What a wonderful idea the Touch label had to add Australian soundsmith Lawrence English to its fold. The man has belonged on that label almost since his beginnings, but even moreso with the gorgeous Kiri No Oto. The title is Japanese for “sound of fog” or “sound of mist,” an apt description of the music herein. Slightly warmer than English’s previous album For Varying Degrees of Winter, Kiri No Oto focuses on soft blankets of filtered sounds (organ, guitar, found sounds), delicately overlaid and panned in and out of focus. The 45-minute album unfolds like a single extended piece, each movement bringing in different hues. The opening “Organs Lost At Sea” jumps straight to the point, engulfing the listener in its harsh-yet-harmless textures. Things boil down suddenly with “Soft Fuse,” then gradually climb back toward a climax in the penultimate piece, “Figure’s Lone Static.” That track ends quietly, luring us into the even more climactic climax (and abrupt landing) of “Oamura.” Kiri No Oto marks a new page for English, whose sound used to be less expansive and slightly closer to the “glitch” ethos. Here, he dives straight into ambient noise music, more Fennesz than Thomas Koner, and it works. This album, presented as the first installment in a series of like-minded records, is not particularly innovative, but whereas others dabble and try, English executes – with sensitivity and artistic flair. Highly recommended.
Touching Extremes (Italy):
There’s a strange sensation in me after having spun “Kiri No Oto” for the third successive time and been somehow unable of breaking the cocoon of its buried secrets. If those secrets do exist, they’re barely discernible in the bulky amassing of mainly distorted frequencies characterizing the music. At the end, this writer even speculates about the original plan as being exactly that: no actual access to the quintessence of the sonic matter. The album title – something like “the sound of fog” from Japanese – also seems to be revelatory in that sense, which is in effect a contradiction in terms. The eight tracks are seamed uninterruptedly, as in a single piece; the sources include both normal instruments (definitely guitars, one would say) and field recordings captured in Poland, New Zealand, Australia and Japan. There are, in truth, a couple of dramatically stunning moments, the transition from “Organs lost at sea” to “Soft fuse” a personal favourite; breathtaking stuff indeed. The rest is predominantly spinning around that sort of harmonically cuddling saturated dispersion that could be, perchance, pretty warmly welcomed by fans of Birchville Cat Motel (minus the aggressiveness: the majority of the substance here tends in any case to rippled stasis, vu-meters on red or not). The choice of bathing the compositions in such a pool of corrosive liquids translates into a total incompatibility (at least for my taste) with headphone listening. Jury still out, but English’s earnestness is not debatable. [Massimo Ricci]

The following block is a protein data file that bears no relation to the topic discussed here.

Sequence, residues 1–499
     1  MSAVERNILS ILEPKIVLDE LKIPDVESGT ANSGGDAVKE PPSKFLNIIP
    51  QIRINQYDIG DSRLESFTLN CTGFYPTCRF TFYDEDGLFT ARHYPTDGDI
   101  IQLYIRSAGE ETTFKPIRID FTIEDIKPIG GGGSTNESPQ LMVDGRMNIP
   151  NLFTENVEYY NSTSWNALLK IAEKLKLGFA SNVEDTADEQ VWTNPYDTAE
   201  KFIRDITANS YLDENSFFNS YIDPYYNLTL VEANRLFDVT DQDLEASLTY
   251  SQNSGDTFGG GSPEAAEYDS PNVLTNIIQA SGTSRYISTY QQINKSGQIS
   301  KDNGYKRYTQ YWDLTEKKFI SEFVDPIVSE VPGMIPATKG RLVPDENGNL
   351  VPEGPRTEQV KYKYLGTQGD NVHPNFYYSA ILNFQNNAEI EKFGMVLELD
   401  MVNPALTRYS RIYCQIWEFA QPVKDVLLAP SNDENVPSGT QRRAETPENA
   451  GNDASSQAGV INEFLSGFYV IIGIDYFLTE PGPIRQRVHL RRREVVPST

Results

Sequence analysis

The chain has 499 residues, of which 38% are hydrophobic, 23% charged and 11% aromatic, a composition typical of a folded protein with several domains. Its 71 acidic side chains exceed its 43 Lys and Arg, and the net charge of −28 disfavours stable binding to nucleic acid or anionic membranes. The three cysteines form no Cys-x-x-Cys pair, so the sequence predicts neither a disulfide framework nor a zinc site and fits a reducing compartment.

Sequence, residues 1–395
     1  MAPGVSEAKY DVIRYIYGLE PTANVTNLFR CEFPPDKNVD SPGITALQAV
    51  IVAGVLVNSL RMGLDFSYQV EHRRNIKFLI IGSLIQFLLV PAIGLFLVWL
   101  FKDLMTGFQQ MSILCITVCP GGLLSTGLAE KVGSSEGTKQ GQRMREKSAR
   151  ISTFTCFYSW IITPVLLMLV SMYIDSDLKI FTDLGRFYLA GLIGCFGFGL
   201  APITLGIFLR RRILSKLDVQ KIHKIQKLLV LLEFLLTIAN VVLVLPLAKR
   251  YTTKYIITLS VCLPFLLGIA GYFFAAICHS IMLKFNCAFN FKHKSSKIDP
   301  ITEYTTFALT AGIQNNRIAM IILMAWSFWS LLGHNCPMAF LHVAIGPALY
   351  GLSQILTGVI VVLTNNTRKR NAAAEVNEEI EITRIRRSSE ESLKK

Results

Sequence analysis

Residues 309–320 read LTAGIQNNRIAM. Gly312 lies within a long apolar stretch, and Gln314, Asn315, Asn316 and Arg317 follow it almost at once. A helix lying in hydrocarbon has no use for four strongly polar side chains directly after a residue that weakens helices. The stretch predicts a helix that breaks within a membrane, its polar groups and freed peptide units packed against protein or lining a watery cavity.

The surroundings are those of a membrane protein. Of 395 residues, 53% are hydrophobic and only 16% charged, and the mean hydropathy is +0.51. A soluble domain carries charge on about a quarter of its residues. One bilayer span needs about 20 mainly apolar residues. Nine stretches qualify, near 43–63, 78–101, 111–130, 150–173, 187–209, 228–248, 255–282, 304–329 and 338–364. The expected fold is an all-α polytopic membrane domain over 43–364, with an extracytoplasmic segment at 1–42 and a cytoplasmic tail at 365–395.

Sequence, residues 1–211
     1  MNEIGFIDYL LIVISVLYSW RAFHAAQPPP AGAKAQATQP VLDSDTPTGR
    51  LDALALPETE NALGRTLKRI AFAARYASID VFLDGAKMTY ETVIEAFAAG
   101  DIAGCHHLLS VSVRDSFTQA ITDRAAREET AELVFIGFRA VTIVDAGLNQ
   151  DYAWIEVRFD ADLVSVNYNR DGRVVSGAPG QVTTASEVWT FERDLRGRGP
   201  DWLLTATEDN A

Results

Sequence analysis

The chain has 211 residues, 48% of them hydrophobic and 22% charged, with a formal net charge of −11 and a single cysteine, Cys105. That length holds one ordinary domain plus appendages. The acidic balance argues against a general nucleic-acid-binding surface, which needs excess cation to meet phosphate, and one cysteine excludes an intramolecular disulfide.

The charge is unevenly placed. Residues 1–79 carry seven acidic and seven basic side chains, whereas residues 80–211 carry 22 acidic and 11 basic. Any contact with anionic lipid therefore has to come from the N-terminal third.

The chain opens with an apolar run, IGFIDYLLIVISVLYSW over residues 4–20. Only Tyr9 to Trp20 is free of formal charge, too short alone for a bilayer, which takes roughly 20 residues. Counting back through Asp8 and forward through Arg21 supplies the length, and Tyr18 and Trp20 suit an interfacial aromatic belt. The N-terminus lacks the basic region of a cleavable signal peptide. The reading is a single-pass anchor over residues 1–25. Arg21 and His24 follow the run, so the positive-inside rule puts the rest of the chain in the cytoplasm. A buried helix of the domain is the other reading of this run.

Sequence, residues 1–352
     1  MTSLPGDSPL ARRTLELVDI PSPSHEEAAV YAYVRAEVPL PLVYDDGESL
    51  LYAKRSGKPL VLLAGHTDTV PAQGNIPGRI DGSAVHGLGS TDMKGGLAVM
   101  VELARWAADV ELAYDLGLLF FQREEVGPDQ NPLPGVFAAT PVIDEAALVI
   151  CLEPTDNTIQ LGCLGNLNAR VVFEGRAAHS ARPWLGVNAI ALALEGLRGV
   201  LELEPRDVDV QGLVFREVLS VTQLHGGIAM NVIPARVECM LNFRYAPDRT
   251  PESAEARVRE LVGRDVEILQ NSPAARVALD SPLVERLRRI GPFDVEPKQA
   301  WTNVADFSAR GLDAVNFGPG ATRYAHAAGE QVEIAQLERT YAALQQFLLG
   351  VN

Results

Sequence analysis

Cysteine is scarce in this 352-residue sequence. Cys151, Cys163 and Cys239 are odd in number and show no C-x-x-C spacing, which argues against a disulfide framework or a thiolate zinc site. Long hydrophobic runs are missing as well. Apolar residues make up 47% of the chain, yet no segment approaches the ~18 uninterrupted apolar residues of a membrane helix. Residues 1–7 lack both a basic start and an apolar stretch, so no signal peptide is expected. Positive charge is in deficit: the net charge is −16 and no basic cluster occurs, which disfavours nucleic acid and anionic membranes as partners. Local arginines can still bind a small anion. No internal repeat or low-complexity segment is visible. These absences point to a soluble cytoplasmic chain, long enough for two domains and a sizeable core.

Expert en musiques polaires, Lawrence English sonde une fois de plus les abysses. Pour être plus précis, il plonge en plein brouillard. En effet, le titre du disque ne veut rien dire d’autre que «le son de la brume». Disque de dark ambient aux intonations noise, Kiri No Oto a été enregistré, comme bon nombre de ses prédécesseurs, aux quatre coins du monde. Pour autant, quel que fut l’endroit où les morceaux furent conçus, Lawrence English s’est attaché à leur donner la même consistance. Kiri No Oto est plein de mystères et on avance avec lui avec une prudence quasi sereine. Disque apologétique de la lenteur et des ambiances monolithiques, l’environnement sonore utilisé ici ne nous est pas étranger. On remarque simplement que Lawrence English fait se rencontrer une ambient sortie des profondeurs et l’âpreté d’une musique industrielle aussi retorse que dénuée de toute chaleur. C’est comme si l’immensité de l’océan intégrait le plus naturellement du monde une force mécanique puissante mais qui avancerait avec une vitesse minimale et déterminée. On peut s’imaginer un brise-glace pénétrant irrésistiblement les étendues arctiques au beau milieu d’un fog épais qui ne dévoilerait absolument rien.